Filipino nurses settle language-bias case: The $975,000 secured in a dispute with Delano Regional Medical Center is believed to be the largest such settlement in the U.S. healthcare industry.
During a 2006 mandatory meeting for Filipino staffers, nurses were told they were forbidden from using their native language at “any time in the hospital,” said Wilma Lamug, a former 10-year employee.
She said the hospital’s former chief executive vowed that “he would install surveillance cameras in nursing stations. Whoever is caught, they were threatened with suspension or termination,” Lamug said. “Sometimes, we were speaking English, but due to our accent and diction, they thought we were speaking something else.”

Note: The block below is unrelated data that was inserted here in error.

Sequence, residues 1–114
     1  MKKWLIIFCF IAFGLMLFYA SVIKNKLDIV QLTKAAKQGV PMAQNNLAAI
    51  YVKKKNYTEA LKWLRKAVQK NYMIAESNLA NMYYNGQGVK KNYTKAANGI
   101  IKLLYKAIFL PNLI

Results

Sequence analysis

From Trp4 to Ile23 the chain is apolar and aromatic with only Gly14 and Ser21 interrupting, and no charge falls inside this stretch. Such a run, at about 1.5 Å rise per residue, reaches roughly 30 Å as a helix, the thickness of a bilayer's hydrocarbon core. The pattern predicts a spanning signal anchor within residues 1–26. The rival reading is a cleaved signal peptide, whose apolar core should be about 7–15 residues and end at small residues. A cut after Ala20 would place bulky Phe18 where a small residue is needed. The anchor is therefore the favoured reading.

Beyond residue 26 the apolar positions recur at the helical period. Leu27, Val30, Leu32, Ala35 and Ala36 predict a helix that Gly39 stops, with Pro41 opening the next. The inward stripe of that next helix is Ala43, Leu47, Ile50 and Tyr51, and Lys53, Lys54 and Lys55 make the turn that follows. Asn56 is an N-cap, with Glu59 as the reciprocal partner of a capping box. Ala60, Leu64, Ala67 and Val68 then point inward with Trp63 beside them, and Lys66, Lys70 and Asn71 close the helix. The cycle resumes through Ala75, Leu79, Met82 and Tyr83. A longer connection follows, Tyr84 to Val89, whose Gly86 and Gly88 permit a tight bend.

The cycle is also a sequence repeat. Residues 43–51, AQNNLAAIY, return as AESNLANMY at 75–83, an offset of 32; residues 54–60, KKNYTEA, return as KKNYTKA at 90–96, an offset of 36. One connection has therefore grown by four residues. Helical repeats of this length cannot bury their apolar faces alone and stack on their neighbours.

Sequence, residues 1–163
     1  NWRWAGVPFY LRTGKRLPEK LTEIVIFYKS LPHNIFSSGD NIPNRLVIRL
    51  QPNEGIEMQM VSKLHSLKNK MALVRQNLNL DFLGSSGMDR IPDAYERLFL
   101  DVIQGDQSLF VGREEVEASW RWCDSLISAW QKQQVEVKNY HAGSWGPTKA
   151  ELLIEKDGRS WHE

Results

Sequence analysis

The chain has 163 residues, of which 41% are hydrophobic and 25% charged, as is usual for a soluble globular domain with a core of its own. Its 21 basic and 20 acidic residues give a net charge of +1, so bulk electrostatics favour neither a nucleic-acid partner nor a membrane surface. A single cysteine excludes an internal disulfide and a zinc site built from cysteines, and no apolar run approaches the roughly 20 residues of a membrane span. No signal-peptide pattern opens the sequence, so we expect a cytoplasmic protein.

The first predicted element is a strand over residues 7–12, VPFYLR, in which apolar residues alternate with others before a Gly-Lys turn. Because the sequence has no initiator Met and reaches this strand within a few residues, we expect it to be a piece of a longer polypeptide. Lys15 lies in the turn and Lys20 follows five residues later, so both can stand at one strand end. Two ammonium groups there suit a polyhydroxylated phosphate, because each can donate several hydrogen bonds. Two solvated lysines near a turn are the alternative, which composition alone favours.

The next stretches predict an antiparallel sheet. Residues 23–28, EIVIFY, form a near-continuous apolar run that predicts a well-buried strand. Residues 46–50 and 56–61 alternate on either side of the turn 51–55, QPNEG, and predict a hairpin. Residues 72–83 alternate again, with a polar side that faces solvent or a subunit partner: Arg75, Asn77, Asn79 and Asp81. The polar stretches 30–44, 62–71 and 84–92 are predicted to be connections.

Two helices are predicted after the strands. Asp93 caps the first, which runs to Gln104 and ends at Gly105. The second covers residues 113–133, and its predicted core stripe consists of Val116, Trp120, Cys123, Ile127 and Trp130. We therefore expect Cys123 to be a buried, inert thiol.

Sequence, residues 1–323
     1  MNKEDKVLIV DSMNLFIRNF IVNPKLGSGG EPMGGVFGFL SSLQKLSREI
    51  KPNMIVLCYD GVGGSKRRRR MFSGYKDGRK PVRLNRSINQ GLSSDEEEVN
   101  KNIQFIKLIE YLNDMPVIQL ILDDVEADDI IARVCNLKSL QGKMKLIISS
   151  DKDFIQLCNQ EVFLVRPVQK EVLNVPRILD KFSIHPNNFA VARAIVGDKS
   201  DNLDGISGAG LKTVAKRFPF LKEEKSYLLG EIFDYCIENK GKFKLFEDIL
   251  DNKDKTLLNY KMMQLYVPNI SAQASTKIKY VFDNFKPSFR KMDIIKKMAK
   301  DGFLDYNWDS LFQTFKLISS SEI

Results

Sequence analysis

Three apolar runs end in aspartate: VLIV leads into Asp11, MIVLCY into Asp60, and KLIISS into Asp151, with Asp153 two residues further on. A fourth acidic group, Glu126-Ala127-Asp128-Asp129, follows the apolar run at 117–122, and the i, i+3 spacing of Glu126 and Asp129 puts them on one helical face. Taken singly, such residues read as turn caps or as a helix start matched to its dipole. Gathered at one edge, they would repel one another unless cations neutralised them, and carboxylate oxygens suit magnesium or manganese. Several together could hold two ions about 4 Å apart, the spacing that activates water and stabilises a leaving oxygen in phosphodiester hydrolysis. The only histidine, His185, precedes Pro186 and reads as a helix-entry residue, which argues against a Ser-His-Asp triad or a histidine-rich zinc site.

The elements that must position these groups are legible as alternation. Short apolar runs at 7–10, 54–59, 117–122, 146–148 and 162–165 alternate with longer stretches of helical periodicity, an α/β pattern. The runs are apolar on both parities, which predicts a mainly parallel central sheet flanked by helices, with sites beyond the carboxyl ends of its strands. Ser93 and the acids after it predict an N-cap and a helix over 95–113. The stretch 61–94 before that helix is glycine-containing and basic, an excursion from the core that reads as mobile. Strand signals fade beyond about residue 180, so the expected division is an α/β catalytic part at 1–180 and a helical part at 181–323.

Although the hospital, near Bakersfield, employed a mix of bilingual employees speaking Spanish, Hindi, Bengali and other languages, managers targeted only the Filipinos and encouraged supervisors and other staffers to “act as vigilantes.”
Photo: Nurse Wilma Lamug is overcome with emotion as she recounts the discrimination she and other Filipino nurses experienced while working at the Delano Regional Medical Center in Delano, Calif. Credit: Luis Sinco / Los Angeles Times
The harassment went further:
“The language policy created such a hostile work environment that one worker even sprayed air freshener on a Filipino employee’s lunch to register her “hatred for Filipino food,” Park said.